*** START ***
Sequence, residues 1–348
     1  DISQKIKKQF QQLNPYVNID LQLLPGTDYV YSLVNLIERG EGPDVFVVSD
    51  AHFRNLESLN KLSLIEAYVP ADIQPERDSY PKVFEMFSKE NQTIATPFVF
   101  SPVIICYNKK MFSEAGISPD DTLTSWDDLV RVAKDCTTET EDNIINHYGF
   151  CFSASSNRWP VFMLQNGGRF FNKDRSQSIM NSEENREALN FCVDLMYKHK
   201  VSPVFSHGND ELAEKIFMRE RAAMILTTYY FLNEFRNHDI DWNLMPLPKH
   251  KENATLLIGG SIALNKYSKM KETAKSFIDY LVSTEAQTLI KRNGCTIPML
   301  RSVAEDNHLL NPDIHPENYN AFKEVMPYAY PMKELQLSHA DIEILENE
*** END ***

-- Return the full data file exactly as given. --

Sequence, residues 1–348
     1  DISQKIKKQF QQLNPYVNID LQLLPGTDYV YSLVNLIERG EGPDVFVVSD
    51  AHFRNLESLN KLSLIEAYVP ADIQPERDSY PKVFEMFSKE NQTIATPFVF
   101  SPVIICYNKK MFSEAGISPD DTLTSWDDLV RVAKDCTTET EDNIINHYGF
   151  CFSASSNRWP VFMLQNGGRF FNKDRSQSIM NSEENREALN FCVDLMYKHK
   201  VSPVFSHGND ELAEKIFMRE RAAMILTTYY FLNEFRNHDI DWNLMPLPKH
   251  KENATLLIGG SIALNKYSKM KETAKSFIDY LVSTEAQTLI KRNGCTIPML
   301  RSVAEDNHLL NPDIHPENYN AFKEVMPYAY PMKELQLSHA DIEILENE